This free-standing brick façade laundry facility was completed in 1940 by the Public Works Administration to service the St. Louis City Hospital complex including the City Hospital, Malcolm Bliss Psychopathologic Institute, and clinic. It is a red brick building in the Georgian style and is along the same style as the original City Hospital Building. City Hospital closed its doors in 1985. In 2008 the building was repurposed as a private event space, retaining the building's original architectural features.
  • Leadwood School Gymnasium/Auditorium - Leadwood MO
    This stately 2 story addition to the existing high school, dating to 1921, consists predominately of the gymnasium and auditorium. The front brick façade is accentuated by crenelations at the top of the front wall and the style of the concrete surrounding the entrance. A native rock wall is adjacent to the sidewalk in front of the building, potentially a WPA project. (The Daily Journal lists it as a WPA project, but local papers have been incorrect about this information in the past.)
  • Lee Elementary School - Columbia MO
    Robert E. Lee Elementary School was built as Federal Public Works Project # 3701 in 1934. The school is a three story building with a multi-purpose auditorium on the first floor with ornate reliefs surrounding the stage. The building was built to last and is currently in use as Lee Expressive Arts Elementary School, a magnet school in the heart of the city of Columbia. In February 2014, the school received a Most Notable Properties designation from the Columbia Historic Preservation Commission.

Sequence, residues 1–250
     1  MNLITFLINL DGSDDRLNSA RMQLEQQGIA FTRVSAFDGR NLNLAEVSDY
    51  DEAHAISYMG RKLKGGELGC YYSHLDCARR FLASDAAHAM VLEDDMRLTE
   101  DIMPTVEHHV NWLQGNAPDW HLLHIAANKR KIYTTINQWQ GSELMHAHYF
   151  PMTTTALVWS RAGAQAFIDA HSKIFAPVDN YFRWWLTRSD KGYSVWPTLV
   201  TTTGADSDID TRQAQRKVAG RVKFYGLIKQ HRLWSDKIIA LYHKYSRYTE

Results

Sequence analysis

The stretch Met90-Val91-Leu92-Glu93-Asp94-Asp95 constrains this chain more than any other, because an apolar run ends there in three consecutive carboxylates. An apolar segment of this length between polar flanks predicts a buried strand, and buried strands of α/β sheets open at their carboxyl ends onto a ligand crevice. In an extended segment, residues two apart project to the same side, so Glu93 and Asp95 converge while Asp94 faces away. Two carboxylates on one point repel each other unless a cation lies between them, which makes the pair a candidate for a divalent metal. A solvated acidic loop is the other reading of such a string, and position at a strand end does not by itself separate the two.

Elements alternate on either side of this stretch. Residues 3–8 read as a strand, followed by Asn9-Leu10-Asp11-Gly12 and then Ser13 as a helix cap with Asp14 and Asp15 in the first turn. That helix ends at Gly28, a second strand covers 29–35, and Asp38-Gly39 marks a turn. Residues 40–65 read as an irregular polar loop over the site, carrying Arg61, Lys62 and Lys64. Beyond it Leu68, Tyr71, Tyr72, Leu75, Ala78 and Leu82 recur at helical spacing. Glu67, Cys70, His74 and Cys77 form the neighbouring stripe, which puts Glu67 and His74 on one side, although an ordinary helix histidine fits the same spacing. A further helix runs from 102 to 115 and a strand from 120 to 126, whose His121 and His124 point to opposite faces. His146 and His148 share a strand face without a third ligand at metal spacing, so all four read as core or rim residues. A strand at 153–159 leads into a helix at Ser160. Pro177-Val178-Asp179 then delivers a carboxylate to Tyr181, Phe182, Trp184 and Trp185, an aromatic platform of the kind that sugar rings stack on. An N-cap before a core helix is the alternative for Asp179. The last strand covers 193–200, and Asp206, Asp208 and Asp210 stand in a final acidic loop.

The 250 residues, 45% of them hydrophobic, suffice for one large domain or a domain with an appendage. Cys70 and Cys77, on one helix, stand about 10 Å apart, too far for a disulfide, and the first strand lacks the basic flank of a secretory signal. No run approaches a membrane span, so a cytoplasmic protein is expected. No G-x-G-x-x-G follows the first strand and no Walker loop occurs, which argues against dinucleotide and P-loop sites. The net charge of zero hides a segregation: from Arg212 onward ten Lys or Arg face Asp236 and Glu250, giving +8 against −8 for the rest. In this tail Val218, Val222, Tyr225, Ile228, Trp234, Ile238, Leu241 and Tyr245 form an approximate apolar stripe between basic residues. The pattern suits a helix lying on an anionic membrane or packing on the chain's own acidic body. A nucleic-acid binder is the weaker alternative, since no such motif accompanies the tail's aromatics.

• Lee's Summit History Museum (old Post Office) - Lee's Summit MO
    This building was constructed as the town post office by the Treasury Department in 1939. Purchased and used as the City Hall from the 1960's to 2006, the building is still owned by the City of Lee's Summit but is on a short-term lease to ReDiscover, a mental health organization, for offices. With the passage of a recent bond issue, the City will be turning the structure over to the Lee's Summit Historical Society for use as a museum. -Denise Chisum, City Clerk for the City of Lee's Summit
  • Lee's Summit History Museum (Old Post Office) Mural - Lee's Summit MO
    The old post office building in Lee's Summit is the home of an original Section of Fine Arts mural "Pastoral" painted by Ted Gilien in 1940. The building, which was purchased and used as City Hall from the 1960's to 2006, is still owned by the City of Lee's Summit but is on a short-term lease to ReDiscover, a mental health organization, for offices. With the passage of a recent bond issue, the City will be turning the structure over to the Lee's Summit Historical Society for use as a museum. When the new City Hall was constructed, the mural...
  • Levering Hospital Addition - Hannibal MO